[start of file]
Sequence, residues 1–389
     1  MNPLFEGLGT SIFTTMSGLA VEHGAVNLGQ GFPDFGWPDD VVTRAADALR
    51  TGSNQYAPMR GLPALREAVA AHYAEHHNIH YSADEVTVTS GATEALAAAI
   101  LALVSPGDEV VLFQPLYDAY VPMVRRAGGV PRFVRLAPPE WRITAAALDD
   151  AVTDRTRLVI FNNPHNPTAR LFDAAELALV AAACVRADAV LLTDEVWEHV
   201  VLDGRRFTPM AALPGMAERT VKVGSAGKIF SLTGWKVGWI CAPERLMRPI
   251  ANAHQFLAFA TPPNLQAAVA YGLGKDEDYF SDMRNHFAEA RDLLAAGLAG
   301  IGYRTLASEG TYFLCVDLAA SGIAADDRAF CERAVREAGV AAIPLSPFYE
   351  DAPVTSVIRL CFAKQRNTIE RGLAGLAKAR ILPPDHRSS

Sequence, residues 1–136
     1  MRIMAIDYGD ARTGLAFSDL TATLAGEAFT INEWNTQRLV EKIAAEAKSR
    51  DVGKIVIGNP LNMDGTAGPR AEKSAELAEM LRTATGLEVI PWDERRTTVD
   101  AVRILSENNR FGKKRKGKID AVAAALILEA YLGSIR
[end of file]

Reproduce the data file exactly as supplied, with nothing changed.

Sequence, residues 1–389
     1  MNPLFEGLGT SIFTTMSGLA VEHGAVNLGQ GFPDFGWPDD VVTRAADALR
    51  TGSNQYAPMR GLPALREAVA AHYAEHHNIH YSADEVTVTS GATEALAAAI
   101  LALVSPGDEV VLFQPLYDAY VPMVRRAGGV PRFVRLAPPE WRITAAALDD
   151  AVTDRTRLVI FNNPHNPTAR LFDAAELALV AAACVRADAV LLTDEVWEHV
   201  VLDGRRFTPM AALPGMAERT VKVGSAGKIF SLTGWKVGWI CAPERLMRPI
   251  ANAHQFLAFA TPPNLQAAVA YGLGKDEDYF SDMRNHFAEA RDLLAAGLAG
   301  IGYRTLASEG TYFLCVDLAA SGIAADDRAF CERAVREAGV AAIPLSPFYE
   351  DAPVTSVIRL CFAKQRNTIE RGLAGLAKAR ILPPDHRSS

Sequence, residues 1–136
     1  MRIMAIDYGD ARTGLAFSDL TATLAGEAFT INEWNTQRLV EKIAAEAKSR
    51  DVGKIVIGNP LNMDGTAGPR AEKSAELAEM LRTATGLEVI PWDERRTTVD
   101  AVRILSENNR FGKKRKGKID AVAAALILEA YLGSIR